CLIP-MoB, Watt, Silkworm in L.A. (don't look, Carl)
- Mission Accomplished for Indie Gods
Wed Jul 31, 5:09 AM ET
By John Carmen
HOLLYWOOD (Variety) - Band reunion tours have become big business in the past few years, but generally, the groups in
question had hits or a large following in their time.
Mission of Burma -- considered by some to be the father of indie rock -- had neither. While the band was enormously popular in
its hometown of Boston, it wasn't well known much outside of a rarified underground circuit that would not fully develop until Burma
disbanded and was semi-replaced by another guitar-driven, psychedelically influenced American group, R.E.M ( news - web sites).
Twenty years later, the trio (augmented by tape loop operator Bob Weston) and their legend have grown to the point where the
band is playing theaters worldwide, as the members' schedules and health allow.
Rumbling, angular and distinctly early '80s (as with Joy Division or Gang of Four, the bass carries most of their melody), the trio
opened the first of two short sets with "Playland" and proceeded through most of their recorded material (available reissued on
Rykodisc), including the band's two underground "hits," "Academy Fight Song" and "That's When I Reach for My Revolver," which
have been covered by R.E.M. and Moby, respectively. Because of guitarist Roger Miller's severe ear damage (cited as the primary
reason that the group disbanded in 1983), the setup was very odd, with Miller playing behind his amp and drummer Peter Prescott
cordoned off behind Plexiglas.
As with many reunited bands, the musicianship has not only aged well but improved; indeed, Prescott, a hit-or-miss drummer 20
years ago, has become a real powerhouse, and as a result, Burma sometimes approached the sheer raw power of the Who at its
Unlike that venerable band, Burma has no lead singer or front man, but on the encores, the three were joined by ex-Minuteman
Mike Watt for a version of the Stooges' "1970." Watt opened the show with an organist and drummer and basically soloed nonstop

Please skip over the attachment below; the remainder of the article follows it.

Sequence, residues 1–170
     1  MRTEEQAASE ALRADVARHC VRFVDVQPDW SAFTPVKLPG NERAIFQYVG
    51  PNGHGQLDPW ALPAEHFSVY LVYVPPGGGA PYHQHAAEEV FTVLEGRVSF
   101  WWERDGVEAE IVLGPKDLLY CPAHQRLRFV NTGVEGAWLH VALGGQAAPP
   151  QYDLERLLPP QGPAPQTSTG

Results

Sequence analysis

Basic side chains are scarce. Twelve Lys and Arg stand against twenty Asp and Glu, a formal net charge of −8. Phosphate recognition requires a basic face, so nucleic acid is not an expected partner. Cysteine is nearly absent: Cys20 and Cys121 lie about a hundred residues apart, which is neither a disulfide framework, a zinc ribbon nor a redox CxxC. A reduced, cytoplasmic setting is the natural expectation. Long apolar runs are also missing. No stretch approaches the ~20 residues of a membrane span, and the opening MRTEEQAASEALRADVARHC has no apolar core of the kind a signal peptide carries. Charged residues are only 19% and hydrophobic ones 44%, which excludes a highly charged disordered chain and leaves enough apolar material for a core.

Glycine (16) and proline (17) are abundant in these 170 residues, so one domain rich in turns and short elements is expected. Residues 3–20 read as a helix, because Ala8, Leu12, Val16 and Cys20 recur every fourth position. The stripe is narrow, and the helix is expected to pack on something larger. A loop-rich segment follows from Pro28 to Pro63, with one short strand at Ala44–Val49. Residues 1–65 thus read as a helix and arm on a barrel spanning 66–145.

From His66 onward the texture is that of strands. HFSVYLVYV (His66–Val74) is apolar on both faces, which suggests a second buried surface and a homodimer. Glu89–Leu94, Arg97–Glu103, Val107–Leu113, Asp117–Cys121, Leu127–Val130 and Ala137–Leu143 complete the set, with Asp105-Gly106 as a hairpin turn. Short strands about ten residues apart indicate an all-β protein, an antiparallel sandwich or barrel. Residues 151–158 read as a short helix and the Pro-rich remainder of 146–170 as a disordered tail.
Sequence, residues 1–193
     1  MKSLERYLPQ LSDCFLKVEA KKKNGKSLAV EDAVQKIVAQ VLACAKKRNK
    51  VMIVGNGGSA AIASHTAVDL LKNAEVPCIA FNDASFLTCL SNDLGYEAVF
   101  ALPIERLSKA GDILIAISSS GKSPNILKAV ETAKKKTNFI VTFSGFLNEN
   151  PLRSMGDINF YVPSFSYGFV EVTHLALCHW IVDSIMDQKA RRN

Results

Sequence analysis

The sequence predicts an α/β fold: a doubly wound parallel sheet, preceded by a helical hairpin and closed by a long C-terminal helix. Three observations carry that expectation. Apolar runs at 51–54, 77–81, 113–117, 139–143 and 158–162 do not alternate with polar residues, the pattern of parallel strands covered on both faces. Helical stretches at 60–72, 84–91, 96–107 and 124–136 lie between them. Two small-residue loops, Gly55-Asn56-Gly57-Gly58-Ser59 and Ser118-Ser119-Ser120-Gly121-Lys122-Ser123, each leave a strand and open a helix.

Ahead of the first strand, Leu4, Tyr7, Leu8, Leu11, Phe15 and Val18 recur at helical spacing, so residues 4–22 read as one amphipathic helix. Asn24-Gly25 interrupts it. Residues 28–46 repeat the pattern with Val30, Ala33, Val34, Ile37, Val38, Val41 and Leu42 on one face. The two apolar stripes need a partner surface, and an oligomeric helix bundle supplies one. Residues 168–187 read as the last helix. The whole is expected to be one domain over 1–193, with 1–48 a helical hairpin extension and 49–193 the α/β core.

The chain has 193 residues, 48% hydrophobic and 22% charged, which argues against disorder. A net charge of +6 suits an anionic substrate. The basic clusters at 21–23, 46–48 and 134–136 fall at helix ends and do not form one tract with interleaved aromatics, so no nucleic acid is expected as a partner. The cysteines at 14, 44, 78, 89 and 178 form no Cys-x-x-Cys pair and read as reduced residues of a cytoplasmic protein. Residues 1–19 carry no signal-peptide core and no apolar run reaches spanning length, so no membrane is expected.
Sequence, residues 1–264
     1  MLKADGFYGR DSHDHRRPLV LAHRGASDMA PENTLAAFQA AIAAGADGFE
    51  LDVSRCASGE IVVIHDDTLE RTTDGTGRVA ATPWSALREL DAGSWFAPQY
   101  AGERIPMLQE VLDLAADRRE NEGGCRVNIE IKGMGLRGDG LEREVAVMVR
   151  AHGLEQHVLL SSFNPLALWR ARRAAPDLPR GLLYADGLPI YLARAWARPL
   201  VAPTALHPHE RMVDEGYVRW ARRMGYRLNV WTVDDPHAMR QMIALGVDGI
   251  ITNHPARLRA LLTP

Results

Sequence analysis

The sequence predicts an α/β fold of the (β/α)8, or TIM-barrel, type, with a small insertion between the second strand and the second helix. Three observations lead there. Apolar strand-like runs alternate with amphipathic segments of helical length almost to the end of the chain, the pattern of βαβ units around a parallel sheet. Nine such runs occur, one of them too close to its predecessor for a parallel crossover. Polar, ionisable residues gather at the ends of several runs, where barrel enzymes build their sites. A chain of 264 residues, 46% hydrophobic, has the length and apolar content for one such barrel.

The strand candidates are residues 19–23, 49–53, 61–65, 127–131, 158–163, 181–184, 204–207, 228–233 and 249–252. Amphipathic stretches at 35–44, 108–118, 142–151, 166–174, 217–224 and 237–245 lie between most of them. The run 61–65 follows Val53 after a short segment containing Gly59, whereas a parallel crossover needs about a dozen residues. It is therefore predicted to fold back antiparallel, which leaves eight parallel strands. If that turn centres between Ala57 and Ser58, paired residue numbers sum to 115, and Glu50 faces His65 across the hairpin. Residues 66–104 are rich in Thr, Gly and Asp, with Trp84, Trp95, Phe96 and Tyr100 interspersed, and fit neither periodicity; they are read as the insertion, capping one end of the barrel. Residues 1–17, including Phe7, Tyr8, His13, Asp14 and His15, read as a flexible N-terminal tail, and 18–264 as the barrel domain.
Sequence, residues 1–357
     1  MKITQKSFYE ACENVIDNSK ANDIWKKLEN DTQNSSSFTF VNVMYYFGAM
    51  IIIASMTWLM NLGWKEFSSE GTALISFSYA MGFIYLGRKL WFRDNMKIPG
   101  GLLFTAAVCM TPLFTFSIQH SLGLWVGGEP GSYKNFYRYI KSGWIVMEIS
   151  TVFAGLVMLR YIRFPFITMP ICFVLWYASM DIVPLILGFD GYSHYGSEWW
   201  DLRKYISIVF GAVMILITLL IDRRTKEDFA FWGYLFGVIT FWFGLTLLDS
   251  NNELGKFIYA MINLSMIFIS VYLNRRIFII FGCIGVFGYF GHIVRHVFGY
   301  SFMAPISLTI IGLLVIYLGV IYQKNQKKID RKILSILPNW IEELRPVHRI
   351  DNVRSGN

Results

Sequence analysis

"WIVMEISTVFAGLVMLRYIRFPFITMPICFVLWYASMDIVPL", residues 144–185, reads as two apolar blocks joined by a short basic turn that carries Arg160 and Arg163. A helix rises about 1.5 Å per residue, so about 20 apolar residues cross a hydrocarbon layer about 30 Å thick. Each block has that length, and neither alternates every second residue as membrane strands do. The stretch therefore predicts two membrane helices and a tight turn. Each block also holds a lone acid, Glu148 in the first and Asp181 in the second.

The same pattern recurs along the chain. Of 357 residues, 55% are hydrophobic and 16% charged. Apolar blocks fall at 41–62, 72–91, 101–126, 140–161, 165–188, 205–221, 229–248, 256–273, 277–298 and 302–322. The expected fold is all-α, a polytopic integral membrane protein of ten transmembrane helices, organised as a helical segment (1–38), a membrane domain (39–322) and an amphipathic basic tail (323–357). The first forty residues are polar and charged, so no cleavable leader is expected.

on his bass through his set, albeit with great skill and energy.
Second act Silkworm was less impressive, offering generic mid-tempo "alternative" with a slight country lilt and awful lyrics.
Perhaps sharing the bill with these great craftsmen of the pounding rock song will rub off on the band in a positive way.
Mission of Burma (El Rey Theater; 700 capacity; $27.50)
Presented by Goldenvoice. Band: Roger Miller, Peter Prescott, Clint Conley, Bob Weston. Also appearing: Silkworm and Mike
Watt. Reviewed July 27, 2002.
- --On Wednesday, July 31, 2002 11:01 PM +0000 wfsilvers
> Second act Silkworm was less impressive, offering generic mid-tempoHeh, slight country lilt. (Tempting me with that "don't look" you naughty
> "alternative" with a slight country lilt and awful lyrics. Perhaps
> sharing the bill with these great craftsmen of the pounding rock song
> will rub off on the band in a positive way.
popster.) Well, they made Variety...
Speaking of lilts -- though English folk, not country -- Linda Thompson's
aptly-titled _Fashionably Late_ is a fine return to form. I'm reviewing it
for the station and on first listen, it's a very strong collection of
doleful folk songs with a hint of rock. Fans of Richard & Linda Thompson's
mid-70s acoustic work will love it, not least because Richard and a few old
Fairporters and English folk mafia play on the very bright, acoustic disc.
And despite struggling with vocal problems two decades ago, Thompson's
voice is very strong and warm. Warning: she sounds nothing like Silkworm,
even though many of the songs are midtempo.
- --- In fearnwhiskey@y..., Carl Zimring <cz28@a...> wrote:
>"naughty popster." I like that. <g> I'm a cheeky monkey. I figured you read everything written here, so the "don't look" was just a friendly warning.
> --On Wednesday, July 31, 2002 11:01 PM +0000 wfsilvers
> <wfsilvers@y...> wrote:
> > Second act Silkworm was less impressive, offering generic mid-tempo "alternative" with a slight country lilt and awful lyrics. Perhaps sharing the bill with these great craftsmen of the pounding rock song will rub off on the band in a positive way.
> Heh, slight country lilt. (Tempting me with that "don't look" you naughty popster.) Well, they made Variety...